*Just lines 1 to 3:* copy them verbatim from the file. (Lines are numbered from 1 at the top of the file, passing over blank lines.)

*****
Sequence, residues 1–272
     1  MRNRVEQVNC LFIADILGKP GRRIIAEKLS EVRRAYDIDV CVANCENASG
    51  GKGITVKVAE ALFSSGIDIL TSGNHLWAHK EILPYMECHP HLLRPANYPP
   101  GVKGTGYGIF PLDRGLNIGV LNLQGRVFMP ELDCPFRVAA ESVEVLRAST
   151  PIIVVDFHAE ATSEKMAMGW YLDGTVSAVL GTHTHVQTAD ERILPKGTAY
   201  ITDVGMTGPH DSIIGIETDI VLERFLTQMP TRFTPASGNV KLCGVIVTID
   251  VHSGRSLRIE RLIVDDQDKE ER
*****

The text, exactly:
Sequence, residues 1–272
     1  MRNRVEQVNC LFIADILGKP GRRIIAEKLS EVRRAYDIDV CVANCENASG
    51  GKGITVKVAE ALFSSGIDIL TSGNHLWAHK EILPYMECHP HLLRPANYPP